Crypt of Saint Eulalie in cathedral of Santes Creu i Eullia de Barcelona

Seen but not photographed, alas. The thing you’re looking for is not the raised-up Gothic box in the middle but the rougher-cut one lurking between the pillars and behind the railings at the back, almost invisible from any available angle of approach. Image by Bernard Gagnonown work, licensed under CC BY-SA 3.0 via Commons.

But it’s not the temple. The omission of the vertical elements when the horizontal ones are so clear is impossible to explain. So, I have to retire that theory and another one is needed. But this is the fun thing about medieval coinage, and I suppose material culture more widely except that coins were produced on such a scale; our understanding can genuinely be transformed by one new find. I would love to know where this coin came from, which I probably never will. Its pedigree is likely to be dubious, but that it got to a sale-room and they photographed it gives us more than we would have known otherwise. In this case, what we now know is that my idea doesn’t work, but that’s OK; now, whatever idea we come up with will have to work better than that. This is how scholarship progresses, and I have plenty of other progress to make, I hope.

1. Not least, I think I actually first expressed the theory in print, in my “Currency Change in Pre-Millennial Catalonia: Coinage, Counts and Economics” in Numismatic Chronicle Vol. 169 (London 2009), pp. 217–243, online here, at p. 220, though I was then less dubious about Bishop Frodoí of Barcelona’s rôle than I am now (and below).

2. See Miquel Crusafont, Anna M. Balaguer and Philip Grierson, Medieval European Coinage, with a Catalogue of the Coins in the Fitzwilliam Museum, Cambridge, volume 6: the Iberian Peninsula (Cambridge 2013), pp. 70-73.

3. See Simon Coupland, “The Medieval Euro” in History Today Vol. 54 no. 6 (June 2002), pp. 18–19, or in a bit more depth Coupland, “Money and Coinage under Louis the Pious” in Francia Vol. 17 (Sigmaringen 1990), pp. 23-54, online here, repr. in his Carolingian Coinage and the Vikings: Studies on Power and Trade in the 9th Century, Variorum Collected Studies 847 (Aldershot 2007), chapter III.

4. See Philip Grierson, “The Gratia Dei Rex Coinage of Charles the Bald” in Margaret T. Gibson and Janet L. Nelson (edd.), Charles the Bald: Court and Kingdom, 2nd edn. (Aldershot: Variorum, 1990), pp. 52–64.

5. He issued all of Ramon de Abadal i de Vinyals (ed.), Catalunya carolíngia volum II: Els diplomes carolingis a Catalunya, Memòries de la Secció històrico-arqueològica 75, facsimile reprint (Barcelona 2007), Arles IV, Banyoles III & IV, Particulars XXVI, XXVII & XXVIII, Sant Andreu d’Eixalada I, Sant Julià del Munt I, Sant Llorenç del Munt I & Sureda III & app. VII & VIII to recipients in the area of modern Catalonia after the date of P&icrc;tres.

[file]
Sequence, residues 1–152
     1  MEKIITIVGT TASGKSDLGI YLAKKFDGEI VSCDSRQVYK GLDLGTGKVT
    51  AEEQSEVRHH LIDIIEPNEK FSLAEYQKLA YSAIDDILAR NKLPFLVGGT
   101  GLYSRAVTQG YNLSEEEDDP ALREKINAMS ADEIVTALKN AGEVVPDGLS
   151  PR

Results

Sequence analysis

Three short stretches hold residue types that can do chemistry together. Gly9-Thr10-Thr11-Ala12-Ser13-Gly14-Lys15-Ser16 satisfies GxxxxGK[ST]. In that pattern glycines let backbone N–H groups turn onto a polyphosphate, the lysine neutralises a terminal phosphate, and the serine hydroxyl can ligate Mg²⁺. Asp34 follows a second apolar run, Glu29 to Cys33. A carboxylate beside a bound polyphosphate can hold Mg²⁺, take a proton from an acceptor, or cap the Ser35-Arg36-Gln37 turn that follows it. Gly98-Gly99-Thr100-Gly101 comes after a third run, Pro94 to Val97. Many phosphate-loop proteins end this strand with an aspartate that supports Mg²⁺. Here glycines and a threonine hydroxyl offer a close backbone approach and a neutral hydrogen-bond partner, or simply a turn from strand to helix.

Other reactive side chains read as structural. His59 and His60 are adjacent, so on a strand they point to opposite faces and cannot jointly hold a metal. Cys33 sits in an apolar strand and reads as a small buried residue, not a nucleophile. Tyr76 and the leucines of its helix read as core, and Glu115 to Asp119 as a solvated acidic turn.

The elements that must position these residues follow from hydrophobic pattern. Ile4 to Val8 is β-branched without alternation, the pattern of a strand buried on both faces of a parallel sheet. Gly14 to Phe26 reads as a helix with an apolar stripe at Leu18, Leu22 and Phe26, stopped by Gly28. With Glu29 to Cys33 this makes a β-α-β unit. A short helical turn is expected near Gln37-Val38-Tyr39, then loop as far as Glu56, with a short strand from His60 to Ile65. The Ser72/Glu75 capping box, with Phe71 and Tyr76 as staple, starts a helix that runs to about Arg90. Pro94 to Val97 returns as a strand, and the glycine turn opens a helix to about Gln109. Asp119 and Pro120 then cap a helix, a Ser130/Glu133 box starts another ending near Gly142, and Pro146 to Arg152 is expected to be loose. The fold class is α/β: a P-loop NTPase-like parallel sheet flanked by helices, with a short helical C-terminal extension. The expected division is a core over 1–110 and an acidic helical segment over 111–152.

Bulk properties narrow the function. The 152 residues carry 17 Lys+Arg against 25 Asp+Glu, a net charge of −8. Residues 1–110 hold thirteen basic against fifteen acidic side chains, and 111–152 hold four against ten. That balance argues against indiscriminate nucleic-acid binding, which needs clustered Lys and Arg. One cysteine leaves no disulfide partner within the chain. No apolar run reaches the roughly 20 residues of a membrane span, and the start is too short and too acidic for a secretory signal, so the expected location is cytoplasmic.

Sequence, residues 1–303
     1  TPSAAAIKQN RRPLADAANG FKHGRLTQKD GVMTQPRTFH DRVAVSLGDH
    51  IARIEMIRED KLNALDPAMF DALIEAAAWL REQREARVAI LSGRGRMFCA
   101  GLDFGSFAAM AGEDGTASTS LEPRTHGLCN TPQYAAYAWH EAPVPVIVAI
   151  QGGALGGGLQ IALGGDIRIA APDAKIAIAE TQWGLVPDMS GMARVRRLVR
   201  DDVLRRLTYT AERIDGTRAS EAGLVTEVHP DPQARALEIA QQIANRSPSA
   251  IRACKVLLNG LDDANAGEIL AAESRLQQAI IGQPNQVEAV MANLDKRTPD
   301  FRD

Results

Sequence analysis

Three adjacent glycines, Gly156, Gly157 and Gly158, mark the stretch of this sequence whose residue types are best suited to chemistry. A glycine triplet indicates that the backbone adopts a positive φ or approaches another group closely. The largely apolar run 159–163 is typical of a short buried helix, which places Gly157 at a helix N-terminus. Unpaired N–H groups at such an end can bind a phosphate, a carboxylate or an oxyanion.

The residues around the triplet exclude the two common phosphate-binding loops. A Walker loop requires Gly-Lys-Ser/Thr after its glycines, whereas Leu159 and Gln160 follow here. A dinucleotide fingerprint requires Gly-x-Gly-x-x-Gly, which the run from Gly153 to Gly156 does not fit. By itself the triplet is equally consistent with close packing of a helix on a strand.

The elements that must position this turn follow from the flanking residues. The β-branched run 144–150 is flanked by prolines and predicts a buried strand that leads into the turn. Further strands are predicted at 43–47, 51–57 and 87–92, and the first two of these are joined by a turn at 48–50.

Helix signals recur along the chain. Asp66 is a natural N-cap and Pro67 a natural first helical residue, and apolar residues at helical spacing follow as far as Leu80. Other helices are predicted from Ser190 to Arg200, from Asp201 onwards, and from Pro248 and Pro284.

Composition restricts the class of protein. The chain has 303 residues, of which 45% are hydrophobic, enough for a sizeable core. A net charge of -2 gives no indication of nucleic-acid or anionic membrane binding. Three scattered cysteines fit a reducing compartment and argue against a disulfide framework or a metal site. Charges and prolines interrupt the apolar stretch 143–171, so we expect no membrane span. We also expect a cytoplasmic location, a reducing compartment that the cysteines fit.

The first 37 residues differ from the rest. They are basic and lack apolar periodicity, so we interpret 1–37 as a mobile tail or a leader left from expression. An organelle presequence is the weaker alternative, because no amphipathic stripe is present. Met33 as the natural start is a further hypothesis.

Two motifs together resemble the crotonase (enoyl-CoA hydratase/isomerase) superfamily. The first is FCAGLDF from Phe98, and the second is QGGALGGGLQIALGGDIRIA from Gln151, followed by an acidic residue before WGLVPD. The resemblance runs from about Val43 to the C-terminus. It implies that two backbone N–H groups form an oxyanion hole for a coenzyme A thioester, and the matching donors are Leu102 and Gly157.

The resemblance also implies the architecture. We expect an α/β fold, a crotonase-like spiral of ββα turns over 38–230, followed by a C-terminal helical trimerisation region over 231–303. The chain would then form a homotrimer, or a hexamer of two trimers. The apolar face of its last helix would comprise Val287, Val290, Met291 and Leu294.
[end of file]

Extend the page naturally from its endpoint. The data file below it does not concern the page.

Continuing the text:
6. Miquel Crusafont i Sabater, “La moneda barcelonina del segle X. Altres novetats comtals” in Acta numismàtica Vol. 38 (Barcelona 2008), pp. 91–121, modified by Crusafont, Balaguer & Grierson, Medieval European Coinage 6, pp. 74-76.


Apr. 21st, 2019 08:19 pm
oursin: Frontispiece from C17th household manual (Accomplisht Lady)
[personal profile] oursin

No bread made during the week.

Friday night supper: a rather nice, though I say it myself, sardegnera with salami.

Saturday breakfast rolls: basic buttermilk, 3:1 strong white/buckwheat flour.

Today's lunch: cinnamon aubergines, which turned out v nicely (I thought they might have got a bit burnt, but not), okra and purple sprouting broccoli simmered in coconut milk with ginger puree, minced green coriander (cilantro) and fish sauce (a little bland - perhaps needed more coriander &/or fish sauce), and sweet potato crinkly oven fries.

Bread tomorrow, I think.

(no subject)

Apr. 21st, 2019 12:27 pm
oursin: Brush the Wandering Hedgehog by the fire (Default)
[personal profile] oursin
Happy birthday, [personal profile] ankaret and [personal profile] lexin!
oursin: image of hedgehogs having sex (bonking hedgehogs)
[personal profile] oursin

Bedroom confidential: what sex therapists hear from the couch.

We confess ourself unimpressed at the entirely false dichotomy set up that in Ye Olden Dayez what sex therapists saw was physical problems, and now what they see are 'bio-psycho-social' difficulties.

Aphrodite knows, I wish somebody would set to and research the history of sex therapy in the UK, because it is a Different Story from that in the USA, and I know where the bodies are buried where a whole lot of extremely pertinent archival material may be found. But my distinct sense is that they were working on a fairly holistic (though I doubt that back in the 1950s they would have used that word) model, what with calling on the insights of the Balint Method and so on. It was by no means mechanistic. See also this blog post re a friend of mine's research on a particular woman doctor's work in marital counselling in private practice in the 1950s.